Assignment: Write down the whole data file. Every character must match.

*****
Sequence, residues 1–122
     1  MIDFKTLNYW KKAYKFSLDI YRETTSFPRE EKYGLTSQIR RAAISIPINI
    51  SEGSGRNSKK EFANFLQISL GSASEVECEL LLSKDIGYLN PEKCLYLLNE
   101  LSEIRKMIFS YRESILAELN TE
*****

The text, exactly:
Sequence, residues 1–122
     1  MIDFKTLNYW KKAYKFSLDI YRETTSFPRE EKYGLTSQIR RAAISIPINI
    51  SEGSGRNSKK EFANFLQISL GSASEVECEL LLSKDIGYLN PEKCLYLLNE
   101  LSEIRKMIFS YRESILAELN TE